Russia has had quite a year. The Kremlin’s militaristic gallivanting has become a staple of this year’s news cycle, with perhaps its most pugnacious acts of hostility being those involving Ukraine. While Russia’s armed harassment of Ukraine has received the lion’s share of the media’s attention, it is its financial badgering with respect to sovereign debt that may prove to be most harmful of all to the bedeviled nation.
In this article, I endeavor to explicate briefly Ukraine’s sovereign debt dispute with Russia, with an eye towards arguing how Ukraine might make use of different international legal remedies to exculpate itself from its regrettable situation. One of the most discussed of these remedies is the legal notion of “odious debt,” and many—most prominently Georgetown University Professor Anna Gelpern and Newsweek’s Anders Åslund—have argued that the “odious debt” legal remedy is Ukraine’s golden ticket out of repayment. I will argue that the legal grounds for the use of the “odious debt” solution are shaky at best, but that rather “efficient breach” is the optimal legal remedy for Ukraine in this case. On the first day of 2016, Russia formally began legal proceedings against Ukraine over the non-payment of their $3 billion debt, as reported by the Financial Times. This issue will now come down to a courtroom battle, and to understand the legal implications of this dispute, we need to understand its history.
The story behind Ukraine’s sovereign debt to Russia is convoluted. The Economist called it “the world’s wackiest bond.” Ukraine has had many issues with external debt as of late. In August of 2015, Ukraine finished negotiations with numerous creditors (primarily investment houses) over Ukraine’s international bonds, altogether valued at around $18 billion. These renegotiations included a slashing of 20% of the bonds’ principal on average, as well as postponement of repayment until 2019. Even in August, Russia’s immediate rejection of these terms adumbrated the growing conflict brewing today over the $3 billion bond that Ukraine was due to pay Russia on December 20th, 2015.
The bond in question was issued in December of 2013. Listed on the Irish stock exchange, the bond was clearly backed by spurious motives. As the Economist’s Christmas double-issue summarized:
The bond was essentially a bribe to Viktor Yanukovych, Ukraine’s now-ousted president, who was dithering between European and Eurasian integration. Senior Ukrainian officials say that the government itself never saw the money; most probably it was spirited out of the country by Mr. Yanukovych’s cronies.
While some might disagree with such a malicious characterization of the Russian debt, they would be in the minority, as numerous reputable sources—from theFinancial Times, to Reuters, to Bloomberg—have lamented Ukraine’s unfortunate situation. Vladimir Putin proposed a staggered plan in November in which Ukraine would pay back the debt over three years, but the stipulation that a western government or bank serve as guarantor went unfulfilled, and the deal fell through. Some have attempted to argue that the whole issue of a legal remedy to Ukraine’s debt to Russia does not merit consideration, as the debt is commercial, not sovereign. On this issue most of the international community disagrees with Kiev, including the IMF, that on December 16th confirmed the sovereign status of Ukraine’s debt to Russia.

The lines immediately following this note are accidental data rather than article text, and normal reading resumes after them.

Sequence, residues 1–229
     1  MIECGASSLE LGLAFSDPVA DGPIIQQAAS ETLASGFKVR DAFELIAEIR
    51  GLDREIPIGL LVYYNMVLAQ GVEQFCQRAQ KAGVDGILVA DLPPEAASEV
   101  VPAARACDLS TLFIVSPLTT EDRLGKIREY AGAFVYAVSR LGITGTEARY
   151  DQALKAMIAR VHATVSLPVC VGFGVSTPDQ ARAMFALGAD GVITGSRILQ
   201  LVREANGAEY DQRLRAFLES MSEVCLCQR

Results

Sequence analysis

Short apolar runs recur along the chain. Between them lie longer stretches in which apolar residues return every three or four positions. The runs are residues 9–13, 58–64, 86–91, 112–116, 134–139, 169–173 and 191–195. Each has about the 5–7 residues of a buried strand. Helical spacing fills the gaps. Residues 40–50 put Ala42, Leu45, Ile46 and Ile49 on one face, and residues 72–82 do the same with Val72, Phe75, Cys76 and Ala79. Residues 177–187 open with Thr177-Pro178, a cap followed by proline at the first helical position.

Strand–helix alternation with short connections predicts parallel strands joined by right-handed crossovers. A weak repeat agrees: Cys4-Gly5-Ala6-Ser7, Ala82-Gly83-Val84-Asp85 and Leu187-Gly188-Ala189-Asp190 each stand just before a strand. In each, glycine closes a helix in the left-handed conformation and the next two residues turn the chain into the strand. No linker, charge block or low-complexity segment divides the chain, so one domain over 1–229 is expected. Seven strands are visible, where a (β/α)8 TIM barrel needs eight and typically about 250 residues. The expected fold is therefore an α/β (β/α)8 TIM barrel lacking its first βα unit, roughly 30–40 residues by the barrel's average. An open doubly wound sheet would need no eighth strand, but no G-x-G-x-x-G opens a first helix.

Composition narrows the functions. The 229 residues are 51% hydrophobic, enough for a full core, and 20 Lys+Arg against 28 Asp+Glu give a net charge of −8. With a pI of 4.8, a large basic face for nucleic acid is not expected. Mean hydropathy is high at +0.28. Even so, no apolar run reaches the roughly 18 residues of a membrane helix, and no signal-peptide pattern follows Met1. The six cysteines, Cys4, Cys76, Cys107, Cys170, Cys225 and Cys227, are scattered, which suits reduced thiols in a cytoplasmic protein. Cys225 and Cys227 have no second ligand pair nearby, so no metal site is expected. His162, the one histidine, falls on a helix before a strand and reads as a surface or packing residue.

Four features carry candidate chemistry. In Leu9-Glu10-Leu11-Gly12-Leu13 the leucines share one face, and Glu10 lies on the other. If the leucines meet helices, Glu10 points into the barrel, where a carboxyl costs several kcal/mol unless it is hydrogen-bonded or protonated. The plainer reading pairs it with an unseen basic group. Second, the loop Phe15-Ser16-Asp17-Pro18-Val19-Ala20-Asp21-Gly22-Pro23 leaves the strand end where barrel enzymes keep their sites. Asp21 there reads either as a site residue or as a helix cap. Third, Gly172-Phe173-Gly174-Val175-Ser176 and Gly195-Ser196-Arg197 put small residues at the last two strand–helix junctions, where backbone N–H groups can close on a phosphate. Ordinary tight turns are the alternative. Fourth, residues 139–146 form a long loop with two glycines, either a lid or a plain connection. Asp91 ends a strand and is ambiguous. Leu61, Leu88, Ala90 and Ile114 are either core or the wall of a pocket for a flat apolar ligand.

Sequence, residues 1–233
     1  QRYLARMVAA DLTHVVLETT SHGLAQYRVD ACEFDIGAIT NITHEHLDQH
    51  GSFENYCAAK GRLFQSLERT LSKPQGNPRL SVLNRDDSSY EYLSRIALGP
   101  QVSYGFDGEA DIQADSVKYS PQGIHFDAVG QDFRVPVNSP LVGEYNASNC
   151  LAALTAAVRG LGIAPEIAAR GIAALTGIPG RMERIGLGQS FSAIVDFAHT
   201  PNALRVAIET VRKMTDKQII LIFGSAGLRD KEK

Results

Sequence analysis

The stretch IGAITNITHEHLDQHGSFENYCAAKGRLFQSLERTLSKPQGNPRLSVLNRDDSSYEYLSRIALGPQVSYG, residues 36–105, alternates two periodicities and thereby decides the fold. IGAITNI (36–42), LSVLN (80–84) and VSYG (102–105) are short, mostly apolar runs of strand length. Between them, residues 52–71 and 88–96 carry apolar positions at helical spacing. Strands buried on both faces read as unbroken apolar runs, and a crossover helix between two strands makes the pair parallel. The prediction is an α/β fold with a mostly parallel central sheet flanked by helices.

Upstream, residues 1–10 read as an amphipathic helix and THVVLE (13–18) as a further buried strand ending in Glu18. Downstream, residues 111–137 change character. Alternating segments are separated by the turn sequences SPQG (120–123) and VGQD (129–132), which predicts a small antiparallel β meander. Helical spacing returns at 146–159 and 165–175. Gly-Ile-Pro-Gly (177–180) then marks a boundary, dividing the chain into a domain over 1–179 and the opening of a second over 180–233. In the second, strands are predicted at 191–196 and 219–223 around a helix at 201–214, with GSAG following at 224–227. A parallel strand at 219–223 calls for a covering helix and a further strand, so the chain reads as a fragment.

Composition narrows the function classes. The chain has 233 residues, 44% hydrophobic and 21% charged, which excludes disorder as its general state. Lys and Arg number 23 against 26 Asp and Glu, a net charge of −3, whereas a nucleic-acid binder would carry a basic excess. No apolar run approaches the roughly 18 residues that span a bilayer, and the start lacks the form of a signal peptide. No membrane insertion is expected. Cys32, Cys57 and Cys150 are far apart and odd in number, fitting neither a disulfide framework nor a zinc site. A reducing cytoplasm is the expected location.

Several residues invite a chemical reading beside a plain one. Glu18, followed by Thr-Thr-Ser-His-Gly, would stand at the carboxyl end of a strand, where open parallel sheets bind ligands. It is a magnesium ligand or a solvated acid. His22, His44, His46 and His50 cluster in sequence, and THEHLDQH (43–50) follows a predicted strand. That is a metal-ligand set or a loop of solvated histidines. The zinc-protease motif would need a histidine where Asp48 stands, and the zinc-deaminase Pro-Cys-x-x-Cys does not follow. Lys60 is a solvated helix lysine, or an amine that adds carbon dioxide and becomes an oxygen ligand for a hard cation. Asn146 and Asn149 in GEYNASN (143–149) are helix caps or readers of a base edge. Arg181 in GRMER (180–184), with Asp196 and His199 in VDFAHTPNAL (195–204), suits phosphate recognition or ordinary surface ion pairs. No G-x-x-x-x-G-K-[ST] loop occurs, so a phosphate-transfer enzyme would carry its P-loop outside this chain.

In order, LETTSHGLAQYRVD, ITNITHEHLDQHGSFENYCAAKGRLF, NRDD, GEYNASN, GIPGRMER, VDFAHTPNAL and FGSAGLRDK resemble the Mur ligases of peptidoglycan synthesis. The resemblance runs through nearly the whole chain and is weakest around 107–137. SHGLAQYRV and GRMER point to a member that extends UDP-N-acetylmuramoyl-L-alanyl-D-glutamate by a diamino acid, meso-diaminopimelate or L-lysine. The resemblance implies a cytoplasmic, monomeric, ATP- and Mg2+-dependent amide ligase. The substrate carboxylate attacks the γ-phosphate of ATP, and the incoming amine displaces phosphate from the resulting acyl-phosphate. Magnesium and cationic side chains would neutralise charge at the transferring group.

So, where does this leave us? The December 20th deadline has come and gone, along with the 10-day grace period thereafter, and Russian President Vladimir Putin has given the green light to file a lawsuit against Ukraine. In short, the bond, as it stands, will not be repaid. Given that the solution doubtlessly lies at the tail end of arduous, drawn-out courtroom arguments, let us now delve into some potential legal remedies to which Ukraine may take recourse as it attempts to rid itself of this debt.
As Anders Åslund argues in his piece on Ukraine’s debt to Russia, published on the Atlantic Council’s site, one potential legal remedy is proposed by Professor Gelpern from Georgetown, who argues that “Ukraine should not pay this debt because it amounts to “odious debt.” I refute this argument, as the argument for the applicability of the “odious debt” remedy is tenuous at best in this scenario.
“Odious debt,” as defined recently by the Centre for International Sustainable Development Law (CISDL), is a debt that meets three criteria: “it was contracted without the consent of the population of a debtor state, without benefit to it, and the creditor had knowledge of the circumstances.” To borrow the summary of odious debt from Jeff King of CISDL, this means that “under the contemporary definition… a debt is said to be odious when there is an absence of popular consent, an absence of benefit, and creditor awareness of these two elements.” As those familiar with the field of International Law will know, the sources of International Law are treaties, customary international law, and general principles. While some may disagree with the legitimacy of certain sources of International Law, these are the principles that will govern the courtroom arguments between Ukraine and Russia. Given that Russia and Ukraine are not signatories of any binding treaty that references odious debt, and there is no “general principle” of odious debt, to prove the applicability of the odious debt remedy in this situation, it is necessary to prove that it has crystallized as customary international law in a way applicable to Ukraine’s case.
For customary international law to be considered binding, certain thresholds must be met; namely, the “thresholds in customary international law of uniformity, consistency and generality of practice, together with the requisite opinio juris,” as explained by King. Thus, Professor Gelpern and those who advocate for the doctrine of “toxic debt,” are arguing against the customary international “rule of repayment,” arguing instead that there are cases where forgoing repayment is a legal norm of customary international law due to toxic debt.
Upon examining the legal history of “toxic debt” as a defense against repayment, one can recognize that the argument is instantaneously weakened given that for most of the history of the “toxic debt” doctrine, the defense only referred to cases of “cessation and dissolution of a state, where the legal personality of the borrowing state often remains intact.” As the Ukrainian case involved neither cessation nor dissolution, the interpretive window whereby the “toxic debt” defense might be applicable is quite small.